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Planetarium sees solar eclipse as opportunity to raise interest in astronomy

Planetarium sees solar eclipse as opportunity to raise interest in astronomy

(KSL TV, File)

Estimated read time: 2-3 minutes

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SALT LAKE CITY — With an impending deep solar eclipse overshadowing their efforts, the Clark Planetarium hosted a gala Thursday to foster excitement for astronomy education.

In anticipation a solar eclipse that will be viewable across much of the United States on Aug. 21, the Clark Planetarium has renewed its efforts to offer education resources and draw excitement to its programs for students with the help of former NASA scientist Phil Plait.

"Total eclipses are rare, and we haven't had one in the United States for quite some time," said Tom Beckett, an organizer of the planetarium gala. "This is a great opportunity to use an astronomical event to get people interested in astronomy."

Though Salt Lake City will not see the totality of the eclipse — only a 91 percent partial coverage — people may see the complete event from as close as Driggs, Idaho.

The planetarium's gala is a fundraiser to create astronomy education resources.

Plait returned to the planetarium for his third speaking appearance. Known as the "Bad Astronomer," he offered a keynote speech to explain the mechanics behind the eclipse and dispel some of the misunderstandings about eclipses.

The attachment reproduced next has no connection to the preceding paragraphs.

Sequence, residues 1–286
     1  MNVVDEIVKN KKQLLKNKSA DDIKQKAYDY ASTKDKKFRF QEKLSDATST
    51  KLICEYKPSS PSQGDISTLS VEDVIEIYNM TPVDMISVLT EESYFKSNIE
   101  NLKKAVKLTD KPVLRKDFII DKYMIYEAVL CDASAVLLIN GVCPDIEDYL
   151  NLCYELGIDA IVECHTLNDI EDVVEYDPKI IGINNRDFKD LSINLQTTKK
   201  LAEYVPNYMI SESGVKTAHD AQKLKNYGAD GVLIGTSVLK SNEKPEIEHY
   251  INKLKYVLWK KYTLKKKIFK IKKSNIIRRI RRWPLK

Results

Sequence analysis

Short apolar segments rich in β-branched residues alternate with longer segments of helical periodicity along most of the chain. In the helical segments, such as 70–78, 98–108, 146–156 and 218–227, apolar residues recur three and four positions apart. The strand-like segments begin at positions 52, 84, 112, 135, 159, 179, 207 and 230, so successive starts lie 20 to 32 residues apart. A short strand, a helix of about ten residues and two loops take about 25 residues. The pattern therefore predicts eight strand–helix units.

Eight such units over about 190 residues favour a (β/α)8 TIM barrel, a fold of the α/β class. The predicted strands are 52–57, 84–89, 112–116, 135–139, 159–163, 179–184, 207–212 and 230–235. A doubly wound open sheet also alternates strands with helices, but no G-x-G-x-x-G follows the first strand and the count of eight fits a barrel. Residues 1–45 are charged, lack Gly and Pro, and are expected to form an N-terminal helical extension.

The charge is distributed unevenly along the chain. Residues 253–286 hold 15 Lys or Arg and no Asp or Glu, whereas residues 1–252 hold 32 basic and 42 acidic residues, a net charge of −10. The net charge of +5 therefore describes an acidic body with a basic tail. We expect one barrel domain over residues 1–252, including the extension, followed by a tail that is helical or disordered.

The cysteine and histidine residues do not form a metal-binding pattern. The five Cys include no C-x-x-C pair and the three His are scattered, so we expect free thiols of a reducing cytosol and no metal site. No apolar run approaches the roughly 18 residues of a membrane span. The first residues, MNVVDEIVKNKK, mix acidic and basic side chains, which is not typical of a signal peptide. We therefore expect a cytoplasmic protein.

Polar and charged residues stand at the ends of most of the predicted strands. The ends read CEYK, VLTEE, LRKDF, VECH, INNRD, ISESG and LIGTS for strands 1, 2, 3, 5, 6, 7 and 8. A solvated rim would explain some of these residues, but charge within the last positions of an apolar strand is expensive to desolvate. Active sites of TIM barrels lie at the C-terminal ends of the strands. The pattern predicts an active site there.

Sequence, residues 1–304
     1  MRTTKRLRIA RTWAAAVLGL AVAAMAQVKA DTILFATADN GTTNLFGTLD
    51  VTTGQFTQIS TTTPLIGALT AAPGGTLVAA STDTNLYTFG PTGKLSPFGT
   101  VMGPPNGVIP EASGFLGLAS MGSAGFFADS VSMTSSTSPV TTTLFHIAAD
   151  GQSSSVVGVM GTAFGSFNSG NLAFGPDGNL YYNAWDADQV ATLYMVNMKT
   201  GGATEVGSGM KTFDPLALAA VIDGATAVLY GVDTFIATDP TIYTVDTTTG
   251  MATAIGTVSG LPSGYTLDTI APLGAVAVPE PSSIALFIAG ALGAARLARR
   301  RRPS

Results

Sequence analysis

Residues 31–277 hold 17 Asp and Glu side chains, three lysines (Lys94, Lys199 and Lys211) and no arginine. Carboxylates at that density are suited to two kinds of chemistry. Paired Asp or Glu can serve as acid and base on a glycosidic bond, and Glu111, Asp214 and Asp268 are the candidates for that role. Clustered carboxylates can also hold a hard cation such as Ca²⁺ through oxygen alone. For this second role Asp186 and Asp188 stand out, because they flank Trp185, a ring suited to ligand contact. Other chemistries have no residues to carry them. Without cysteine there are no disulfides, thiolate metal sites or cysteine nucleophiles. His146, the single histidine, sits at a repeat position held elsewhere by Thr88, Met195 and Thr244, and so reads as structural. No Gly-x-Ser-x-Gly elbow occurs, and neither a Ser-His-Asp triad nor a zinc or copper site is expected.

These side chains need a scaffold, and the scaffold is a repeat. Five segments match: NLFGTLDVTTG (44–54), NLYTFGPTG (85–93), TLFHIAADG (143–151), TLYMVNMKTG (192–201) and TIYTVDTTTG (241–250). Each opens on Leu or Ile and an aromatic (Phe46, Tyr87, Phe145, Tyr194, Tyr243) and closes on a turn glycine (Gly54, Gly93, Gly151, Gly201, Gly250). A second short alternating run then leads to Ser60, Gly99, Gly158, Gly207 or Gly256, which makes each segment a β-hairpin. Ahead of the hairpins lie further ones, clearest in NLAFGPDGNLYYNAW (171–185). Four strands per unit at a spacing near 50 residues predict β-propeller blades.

"There are a lot of eclipse myths like, if you look at it, you'll go blind," Plait said.

Plait, who began public speaking while he was working for on the Hubble telescopes, said he sees his speaking engagements as something of a stand-up routine for science. He refers to himself as a science communicator and earned the title of the "Bad Astronomer" through his efforts at dispelling scientific misconceptions and creating humor around the concepts.

The risk associated with viewing an eclipse, he explained, comes after the roughly two-minute period of totality where the moon passes in front of the sun. That period of time allows the pupil of the eye to dilate, adjusting to the shadow cast by the moon, and the risk of injury follows as the moon continues forward, suddenly exposing the brightness of the sun once again.

Plait noted that despite this effect, he has yet to encounter a documented case of anyone becoming totally blinded by a passing eclipse.

"You can lose a little bit of your vision forever, or all of it for a short time, but your eye can heal," he said.


Beckett said there will be educators and telescopes available at the planetarium and throughout Salt Lake County during the eclipse to accommodate viewers who are not able to drive to Idaho to see the full eclipse.

Beckett also said the planetarium will have a viewing party as the Earth comes into alignment with Saturn and the sun, creating the best chance for people to see the rings of Saturn for another 17 years.


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Ryan Morgan


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